Post Topic: Everyday Project Stories
(Promoted Post net revenue= -$30)

Link 3,311 views, 24 clicks
Photo 6,347 views; 58 clicks
Promoted 22,498 views; 301 clicks; $30 donations

Post Topic: Special Campaign
(Promoted Post net revenue= $550)

Link 4,204 views; 51 clicks
Photo 4,975 views; 45 clicks
Promoted 31,510 views; 363 clicks; $600 donations

What we learned

We learned two main things from our experiment. First, as you can see above, promoted posts did drive more engagement at all levels of the social funnel. On average, our promoted posts had five times higher reach and seven times higher click rate (!) compared to posts that weren’t promoted. The financial return, however, varied greatly based on the content of the post. We found that promoting general, ‘everyday’ project stories didn’t drive many donations (in fact, it lead to a negative net financial return), but promoting very timely stories or unique campaigns resulted in a significant uptick in donations (netting approximately $600 per post).

Perhaps the most interesting thing we learned actually happened while we were designing the experiment. When figuring out whether to promote links or photos, we found that photo posts drove more Facebook interaction, achieving a higher reach and better overall engagement (the middle of the funnel!). On the other hand, posting links sometimes led to higher click-through rates to our website, generally driving more donations (the bottom of the funnel!). When we looked back in our Facebook Insights data, we found that this pattern seemed consistent with other posts over the past several months. This information is useful to us whether or not we’re talking about promoted posts.

What does this mean for our strategy?

We found that Facebook’s Promoted Posts can get the job done, successfully driving both engagement and donations. It’s important to note though that we’re still not planning to rely on Promoted Posts to push all our fans through the social funnel.

At GlobalGiving we have an “unmarketing” approach to engagement. This means that we believe there’s inherent value in developing authentic, meaningful, and helpful relationships with our audience through social media to help tell our story. In short, it’s not all about driving dollars. Engagement is important to us.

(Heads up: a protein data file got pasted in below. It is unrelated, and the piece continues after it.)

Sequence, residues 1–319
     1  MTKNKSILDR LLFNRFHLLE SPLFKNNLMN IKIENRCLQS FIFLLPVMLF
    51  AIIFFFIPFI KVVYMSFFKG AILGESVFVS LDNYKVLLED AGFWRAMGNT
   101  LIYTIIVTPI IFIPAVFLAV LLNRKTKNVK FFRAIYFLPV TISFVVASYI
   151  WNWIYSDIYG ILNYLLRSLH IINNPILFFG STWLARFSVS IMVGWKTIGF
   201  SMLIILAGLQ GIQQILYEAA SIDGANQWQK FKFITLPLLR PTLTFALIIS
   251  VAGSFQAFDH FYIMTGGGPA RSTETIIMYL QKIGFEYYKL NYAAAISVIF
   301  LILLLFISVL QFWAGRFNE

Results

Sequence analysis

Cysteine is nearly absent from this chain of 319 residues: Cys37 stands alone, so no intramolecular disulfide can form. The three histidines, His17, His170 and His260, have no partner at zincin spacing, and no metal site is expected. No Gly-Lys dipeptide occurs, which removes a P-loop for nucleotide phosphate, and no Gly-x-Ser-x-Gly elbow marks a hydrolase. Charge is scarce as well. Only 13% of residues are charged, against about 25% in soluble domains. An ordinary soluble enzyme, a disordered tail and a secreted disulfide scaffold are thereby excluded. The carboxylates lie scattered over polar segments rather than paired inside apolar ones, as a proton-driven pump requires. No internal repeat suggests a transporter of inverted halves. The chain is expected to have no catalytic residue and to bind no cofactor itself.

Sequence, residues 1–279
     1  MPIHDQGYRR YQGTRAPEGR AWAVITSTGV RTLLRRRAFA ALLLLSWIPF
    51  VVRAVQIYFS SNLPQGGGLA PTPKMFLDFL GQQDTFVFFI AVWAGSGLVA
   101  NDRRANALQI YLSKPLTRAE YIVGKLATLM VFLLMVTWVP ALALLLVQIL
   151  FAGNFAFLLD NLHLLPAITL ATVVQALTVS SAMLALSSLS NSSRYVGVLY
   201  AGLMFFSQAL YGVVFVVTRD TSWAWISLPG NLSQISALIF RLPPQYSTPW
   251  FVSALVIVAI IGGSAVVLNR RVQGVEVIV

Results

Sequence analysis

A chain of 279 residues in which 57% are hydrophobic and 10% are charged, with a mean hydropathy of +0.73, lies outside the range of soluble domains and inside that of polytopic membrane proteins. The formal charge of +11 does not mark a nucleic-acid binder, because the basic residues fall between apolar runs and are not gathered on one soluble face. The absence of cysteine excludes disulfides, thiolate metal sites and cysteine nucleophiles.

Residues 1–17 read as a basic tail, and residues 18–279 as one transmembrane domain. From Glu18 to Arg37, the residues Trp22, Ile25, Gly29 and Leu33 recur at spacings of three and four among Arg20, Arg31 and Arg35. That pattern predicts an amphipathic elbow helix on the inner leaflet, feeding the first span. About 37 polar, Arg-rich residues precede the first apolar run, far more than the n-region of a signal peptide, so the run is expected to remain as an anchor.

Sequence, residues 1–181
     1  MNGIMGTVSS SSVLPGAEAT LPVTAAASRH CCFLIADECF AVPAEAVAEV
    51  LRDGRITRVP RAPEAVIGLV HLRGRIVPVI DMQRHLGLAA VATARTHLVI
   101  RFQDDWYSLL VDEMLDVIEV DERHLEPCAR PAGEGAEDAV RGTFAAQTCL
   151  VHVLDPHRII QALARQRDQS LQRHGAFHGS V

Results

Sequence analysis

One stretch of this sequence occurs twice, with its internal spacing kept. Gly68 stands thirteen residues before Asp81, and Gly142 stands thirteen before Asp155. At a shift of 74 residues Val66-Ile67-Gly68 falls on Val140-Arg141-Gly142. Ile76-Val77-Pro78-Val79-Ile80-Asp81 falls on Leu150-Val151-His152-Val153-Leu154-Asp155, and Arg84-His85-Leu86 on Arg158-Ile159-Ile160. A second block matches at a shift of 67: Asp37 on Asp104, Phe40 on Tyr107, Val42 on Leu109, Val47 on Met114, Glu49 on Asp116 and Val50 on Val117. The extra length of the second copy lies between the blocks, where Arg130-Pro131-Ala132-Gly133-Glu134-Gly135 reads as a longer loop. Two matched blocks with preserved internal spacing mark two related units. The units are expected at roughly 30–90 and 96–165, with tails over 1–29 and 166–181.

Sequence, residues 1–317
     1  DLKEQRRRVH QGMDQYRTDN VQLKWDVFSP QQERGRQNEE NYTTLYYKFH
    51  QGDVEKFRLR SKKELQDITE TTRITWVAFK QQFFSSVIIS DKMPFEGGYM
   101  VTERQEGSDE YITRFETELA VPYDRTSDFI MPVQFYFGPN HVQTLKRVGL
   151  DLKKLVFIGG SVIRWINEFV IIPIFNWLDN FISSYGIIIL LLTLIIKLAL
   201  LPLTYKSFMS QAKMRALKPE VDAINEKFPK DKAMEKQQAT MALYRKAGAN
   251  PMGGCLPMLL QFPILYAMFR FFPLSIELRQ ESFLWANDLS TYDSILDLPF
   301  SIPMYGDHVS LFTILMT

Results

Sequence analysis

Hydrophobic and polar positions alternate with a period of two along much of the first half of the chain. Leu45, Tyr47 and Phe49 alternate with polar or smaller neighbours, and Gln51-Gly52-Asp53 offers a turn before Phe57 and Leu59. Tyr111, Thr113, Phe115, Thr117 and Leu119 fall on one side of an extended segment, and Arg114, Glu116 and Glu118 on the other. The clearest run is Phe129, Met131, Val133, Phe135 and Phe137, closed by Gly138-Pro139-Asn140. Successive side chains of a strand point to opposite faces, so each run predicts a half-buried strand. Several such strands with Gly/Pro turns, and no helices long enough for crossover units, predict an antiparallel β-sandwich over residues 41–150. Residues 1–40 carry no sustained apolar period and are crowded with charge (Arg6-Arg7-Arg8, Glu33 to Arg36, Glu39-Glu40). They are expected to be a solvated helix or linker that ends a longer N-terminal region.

We’ve concluded that an ongoing Facebook strategy based primarily on Promoted Posts wouldn’t be savvy or sustainable, (remember how the ‘everyday’ project stories posts actually ended up costing us money?) but we’ve decided that we will continue to promote posts when they are particularly timely, relevant, or important for our key audiences. We should also be sure to note that we’ll never be promoting content that would otherwise have been unsuccessful on Facebook in general. As you can imagine, the last thing we want to do is bring irrelevant content to the attention of people who rarely hear from us anyway!

What does this mean for you?

If you can find the budget to experiment with Promoted Posts, it’s important to think through how you’ll measure your return on your investment. Can you put a dollar value on message views, click-throughs to your website, or goal conversions (donations, petition signatures, etc.)? If you’re spending advertising dollars on other media, you may find that Facebook Promoted Posts can also help you meet your goals, so it would be worth comparing your results.

Our fans told us emphatically on Facebook, they don’t love the idea of nonprofits paying for a spot on their news feeds. (The irony, of course, was that we didn’t see a single pushback to the promoted posts when we did them without pointing it out, so peoples’ behaviors didn’t exactly match how they said they would react. But that’s a whole different social psychology experiment, right?) If you do choose to promote Facebook posts, you’ll need to do strategically. You should only promote content that you’re proud of, and it would be wise to measure the results carefully so that you can prove that your dollars are helping you meet your overall goals!

If you don’t have any budget for Promoted Posts, you could still look into your Facebook Insights data to see the different types of engagement that photo posts drive for you compared to link posts. Does your data lead you to the same conclusions that ours did?

Do you have thoughts about whether links or photos get you results on Facebook? Have you experimented yet with Promoted Posts?